The Accidental Restaurateur

how one woman found herself owning a restaurant without really wanting to

Are you sure you want to own a restaurant?

After 2 1/2 years of construction, we finally opened this new restaurant and it was gangbusters right out the door: massive traffic, great revues and happy staff.

Then the mean spirited-ness began by people who think they’re food critics because they go to a lot of new “hot” restaurants. Meanwhile they don’t know the difference between broccoli and broccolini.

The staff began falling apart. The “executive chef” who I consider to be nothing more than a lead line cook asked for a $10,000/year raise. He was already the highest paid employee in the joint! The bartenders, knowing that we were short staffed walked out 10 days before Valentine’s Day because they didn’t agree with how I was running my own restaurant.

The servers, who all more or less had cohesively worked together at the prior location of the restaurant, followed the lead of the new bartenders and suddenly began getting greedy and refusing to pay their portion of their tips which they shared with the support staff. The poor support staff – baristas, bussers and runners  who did the brunt of the work, didn’t know what hit them. Suddenly they were making less money then the day before because their friends had restructured the formula. I don’t think they fully understood what they were agreeing to, they just wanted to support their friends. There was nothing I could do to protect them because the LAW very clearly states that they must decide how the tips are shared.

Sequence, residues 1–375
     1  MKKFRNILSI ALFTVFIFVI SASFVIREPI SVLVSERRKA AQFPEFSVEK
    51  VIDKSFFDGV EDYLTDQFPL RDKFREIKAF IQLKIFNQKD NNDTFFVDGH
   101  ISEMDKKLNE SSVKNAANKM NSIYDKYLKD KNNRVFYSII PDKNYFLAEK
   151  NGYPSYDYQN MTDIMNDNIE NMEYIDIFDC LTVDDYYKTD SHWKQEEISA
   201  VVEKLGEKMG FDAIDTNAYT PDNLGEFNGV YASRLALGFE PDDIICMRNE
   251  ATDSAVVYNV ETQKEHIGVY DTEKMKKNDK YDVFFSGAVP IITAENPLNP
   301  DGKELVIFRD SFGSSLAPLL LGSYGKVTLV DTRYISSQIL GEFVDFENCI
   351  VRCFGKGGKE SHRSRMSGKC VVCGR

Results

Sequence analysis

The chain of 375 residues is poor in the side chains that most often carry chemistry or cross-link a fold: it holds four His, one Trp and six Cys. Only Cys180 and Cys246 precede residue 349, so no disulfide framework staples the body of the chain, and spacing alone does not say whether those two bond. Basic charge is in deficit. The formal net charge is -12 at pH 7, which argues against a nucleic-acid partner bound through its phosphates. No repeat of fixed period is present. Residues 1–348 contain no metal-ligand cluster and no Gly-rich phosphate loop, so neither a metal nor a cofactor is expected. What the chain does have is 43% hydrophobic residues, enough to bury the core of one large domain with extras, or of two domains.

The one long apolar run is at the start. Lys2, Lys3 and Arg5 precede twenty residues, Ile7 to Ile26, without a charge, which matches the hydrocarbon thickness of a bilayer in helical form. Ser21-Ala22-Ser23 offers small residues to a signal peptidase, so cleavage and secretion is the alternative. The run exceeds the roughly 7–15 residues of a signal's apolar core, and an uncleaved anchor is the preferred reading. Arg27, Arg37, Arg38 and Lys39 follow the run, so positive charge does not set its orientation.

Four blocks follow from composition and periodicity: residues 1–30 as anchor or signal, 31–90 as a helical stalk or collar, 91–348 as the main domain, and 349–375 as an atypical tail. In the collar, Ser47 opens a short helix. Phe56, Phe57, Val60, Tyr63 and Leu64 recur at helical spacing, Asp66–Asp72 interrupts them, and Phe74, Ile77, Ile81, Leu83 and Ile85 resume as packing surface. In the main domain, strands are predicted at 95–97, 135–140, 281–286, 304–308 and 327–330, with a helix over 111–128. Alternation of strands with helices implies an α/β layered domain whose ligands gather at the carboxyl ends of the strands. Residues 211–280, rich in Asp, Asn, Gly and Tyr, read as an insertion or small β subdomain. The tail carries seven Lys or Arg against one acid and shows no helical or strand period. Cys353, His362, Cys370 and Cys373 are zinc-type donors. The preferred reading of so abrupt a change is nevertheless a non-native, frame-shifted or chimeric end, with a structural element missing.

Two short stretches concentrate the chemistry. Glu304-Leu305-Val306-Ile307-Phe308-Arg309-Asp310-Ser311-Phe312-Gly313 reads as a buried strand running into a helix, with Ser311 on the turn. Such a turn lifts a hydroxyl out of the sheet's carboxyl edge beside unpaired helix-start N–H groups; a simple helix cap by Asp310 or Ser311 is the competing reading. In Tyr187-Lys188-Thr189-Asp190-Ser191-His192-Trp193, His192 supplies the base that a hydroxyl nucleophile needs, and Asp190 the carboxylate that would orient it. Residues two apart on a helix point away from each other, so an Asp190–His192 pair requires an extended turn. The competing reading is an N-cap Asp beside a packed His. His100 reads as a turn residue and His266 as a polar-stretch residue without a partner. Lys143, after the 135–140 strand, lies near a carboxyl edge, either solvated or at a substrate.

All this happened within 4 weeks of opening. Congratulations to me!!

Who knew I would look back on this time with nostalgia, jealous of the relatively easy problems I was dealing with.

Now, six months after opening, business has slowed to a CRAWL. Some nights there’s more staff than customers inside the place. All the “star fuckers” – the ones who troll food websites looking for the newest restaurant opening, have all but disappeared. All extraneous staff has been let go. Vendors, having gone unpaid for months, refuse to deliver. The last of the contractors still needs to be paid and they call weekly to try to collect on their final invoices. Bills keep piling up, the bank still expects to get their money every month along with the landlord. Insurance, workman’s comp and utilities cannot be avoided. My mortgage and credit card bills, maxed out during the course of the construction of the project, have fallen by the wayside and my kids did not get new shoes to start their school year. I have incurred so many overdrawn bank fees that I believe I pay for my branch manager’s salary.

But payroll must be met like clockwork every two weeks. God forbid you ask them to wait a day or two before cashing them. Somehow that makes them want to go to the bank even faster – AND with an attitude. Really??

But why worry about staff? Why bother learning their names even? In my entire 30 year work history and managing others has NEVER exposed me to the cavalier attitude displayed by restaurant staff. Waitressing or bartending is something they do in between other more “important” things. Hello… this my livelihood. You make $40 an hour while I don’t have enough money to put gas in my car. They treat the job like a personal ATM, they care about me or the welfare of the restaurant as long as they are making their proper amount of tips. They ask for days off as if it was their right. In fact they don’t even ask, they simply inform. Bartenders act like prima donnas and waiters act like divas. If you remotely try to discipline them, they simply quit. They take and leave jobs like the average person changes shoes. Are there exceptions? Of course, but not enough to stem the tide.

So what is to be done? Anybody? I really would love an answer because I’m at my breaking point.

After willingly borrowing over $1.5M and spending it to lovingly build a restaurant to be proud of, I’M DONE. There’s three breaths left in me and I may use it to jump over a bridge.

tamark • September 3, 2016


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